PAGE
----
The (Potential) Wages Of Hubris

Today the Texas Department of State Health Services announced that a preliminary test indicates that an American health care worker has tested positive for Ebola.  The worker was involved in treating Thomas Eric Duncan, the West African man who came to the United States after being infected with the Ebola virus and died of the disease last week.  The preliminary results indicating the health care worker has Ebola will be subject to confirmatory testing by the Centers for Disease Control and Prevention.

This news of transmission of Ebola in America is troubling in and of itself, but it is especially alarming when coupled with the fact that a Spanish nurse who also was involved in treating an Ebola victim contracted the disease.  The Spanish nurse’s infection is attributed to “human error” — her alleged failure to follow strict protocols designed to prevent transmission of the dread disease — but there is no explanation, yet, for why the Texas health care worker may have contracted the disease.

Perhaps the Texas health care worker also made a “human error,” or perhaps the world health care authorities don’t know as much about how to prevent the spread of this strain of Ebola as they think they do.  Could the CDC, the World Health Organization, and other health care entities have experienced a bit of hubris about their ability to deal with this disease, and could we now be learning that they were overconfident about their understanding of Ebola and how it is transmitted?  Even if the new cases are due entirely to “human error,” the fact that treatment protocols are so challenging that trained health care workers can fail to comply with them should give us all pause.

We’ve all heard about epidemic scenarios — read Stephen King’s The Stand if you want a realistic and chilling depiction of what might happen if the genie of a highly contagious disease gets out of the containment bottle — and Ebola seems like exactly the kind of devastating disease that could cause such nightmares to come true.  The fact that health care workers are being infected should cause us to redouble our efforts to prevent people who might be infected from entering the country in the first place, and to dramatically increase the precautions taken when we identify a person stricken with the disease.

No doubt we will be getting assurances from the federal government and the CDC that the situation is well under control.  Given what is happening, I’m not quite ready to credit those assurances just yet.  Let’s see some actual positive results first.

Advertisements

Feral Cat Gangs Causing Havoc In Australia

According to newspaper accounts, residents of Moorooka, a suburb of Brisbane, Australia, are being terrorized by a gang of feral cats “the size of dogs.” Members of the cat gang are attacking pedestrians after darkness falls, clawing small, prissy dogs, hissing at passersby, and generally intimidating the beleaguered Aussies. And they are doing so with shocking impunity.

It sounds like a far-fetched scene from The Stand or some other Stephen King novel, but it isn’t — it is just a return to the natural order of things.  It is not surprising, really, that delinquent cats would form thuggish, bullying gangs.  Everyone knows that, deep down, cats despise humans.  When cats resort to their feral state, and are no longer dependent upon humans for Purina cat chow or canned salmon, they are bound to act out the superiority they clearly feel.  Right now, they are probably treating Moorooka like one vast litter box and scratching post, yowling at the moon, strutting in their leather jackets and riding their cat motorcycles into saloons.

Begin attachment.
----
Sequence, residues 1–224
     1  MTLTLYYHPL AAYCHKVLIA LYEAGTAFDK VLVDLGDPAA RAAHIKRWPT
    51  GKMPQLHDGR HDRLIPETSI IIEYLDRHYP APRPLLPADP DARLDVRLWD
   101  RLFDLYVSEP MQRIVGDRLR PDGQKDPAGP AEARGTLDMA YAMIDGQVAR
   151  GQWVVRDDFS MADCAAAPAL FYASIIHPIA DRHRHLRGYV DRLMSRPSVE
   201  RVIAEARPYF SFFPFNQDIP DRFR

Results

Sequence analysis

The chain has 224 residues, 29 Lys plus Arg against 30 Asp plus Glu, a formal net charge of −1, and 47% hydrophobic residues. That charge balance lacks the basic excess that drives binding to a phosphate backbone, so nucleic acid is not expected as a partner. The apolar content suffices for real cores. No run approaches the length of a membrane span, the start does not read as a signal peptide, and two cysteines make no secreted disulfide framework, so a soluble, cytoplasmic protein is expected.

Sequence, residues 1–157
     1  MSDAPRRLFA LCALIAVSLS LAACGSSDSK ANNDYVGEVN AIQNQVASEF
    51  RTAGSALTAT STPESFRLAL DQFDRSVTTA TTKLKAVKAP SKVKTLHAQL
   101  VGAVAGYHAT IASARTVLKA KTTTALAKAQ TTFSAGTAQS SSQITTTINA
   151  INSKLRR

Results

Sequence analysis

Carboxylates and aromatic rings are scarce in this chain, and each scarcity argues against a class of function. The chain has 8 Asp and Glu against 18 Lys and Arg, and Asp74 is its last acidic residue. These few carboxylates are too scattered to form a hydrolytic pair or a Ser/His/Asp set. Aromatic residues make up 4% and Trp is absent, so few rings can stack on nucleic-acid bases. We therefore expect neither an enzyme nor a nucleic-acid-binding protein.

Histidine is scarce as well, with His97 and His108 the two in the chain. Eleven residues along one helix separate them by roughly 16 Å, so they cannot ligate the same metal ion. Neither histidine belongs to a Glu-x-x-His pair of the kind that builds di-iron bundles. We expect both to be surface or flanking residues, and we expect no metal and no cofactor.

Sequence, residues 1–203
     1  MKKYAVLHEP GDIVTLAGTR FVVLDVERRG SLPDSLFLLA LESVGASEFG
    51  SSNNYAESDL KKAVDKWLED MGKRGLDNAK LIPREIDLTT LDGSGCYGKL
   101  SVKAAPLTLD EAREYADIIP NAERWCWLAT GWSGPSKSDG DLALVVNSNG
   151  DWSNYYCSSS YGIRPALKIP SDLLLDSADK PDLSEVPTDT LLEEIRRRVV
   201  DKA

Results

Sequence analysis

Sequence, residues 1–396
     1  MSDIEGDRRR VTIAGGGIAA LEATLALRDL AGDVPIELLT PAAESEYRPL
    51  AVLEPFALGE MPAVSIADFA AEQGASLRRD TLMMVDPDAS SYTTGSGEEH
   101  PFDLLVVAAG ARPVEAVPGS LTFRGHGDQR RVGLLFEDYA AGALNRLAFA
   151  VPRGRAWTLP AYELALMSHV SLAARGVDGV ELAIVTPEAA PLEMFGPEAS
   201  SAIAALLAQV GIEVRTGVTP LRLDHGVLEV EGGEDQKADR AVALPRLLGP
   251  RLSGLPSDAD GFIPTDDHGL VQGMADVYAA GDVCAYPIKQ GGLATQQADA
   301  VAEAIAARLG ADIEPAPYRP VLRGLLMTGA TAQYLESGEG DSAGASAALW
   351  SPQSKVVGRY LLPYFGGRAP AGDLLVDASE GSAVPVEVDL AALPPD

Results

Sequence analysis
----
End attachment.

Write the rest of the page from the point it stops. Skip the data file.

I am sure that other citizens of Australia are deeply concerned that the cat gangs of Moorooka might spread throughout the Land Down Under — and then across the face of the globe.  And before you know it, every haughty, diffident Tabby, Morris and Whiskers is feeling that feral urge, ready to pounce on their human companions as they slumber and scratch their eyes out.  This menace must be stopped before it is too late!

The Book Of . . . Enough Already!

Last night Kish and I decided to watch a movie on HBO On Demand.  We ended up picking The Book of Eli.  We both like Denzel Washington, I like science fiction.  Why not?

Only a few minutes in, I thought to myself, “I’ve seen this movie already,” even though I hadn’t.  And that is because the ugly future, post-apocalyptic, lone hero movie has been done to death.  How is The Book of Eli different, for example, from The Road Warrior?  Something horrible has happened, civilization has crumbled, and the animal nature of the remaining humans is being acted out in the most gruesome fashion.  A lone guy appears, fights and beats and kills dozens of subhuman survivors, and then helps to set humanity back on the road to civilization.  They even share religious themes.  The only difference is the explicit Biblical aspect of The Book of Eli.

Apocalyptic themes have long been popular in science fiction books and science fiction movies.  On The Beach, A Canticle for Leibowitz, The Road, and The Stand come readily to mind.  Isn’t it about time that authors and screenwriters start looking at futuristic movies involving an Earth that falls somewhere between Star Trek and cataclysm?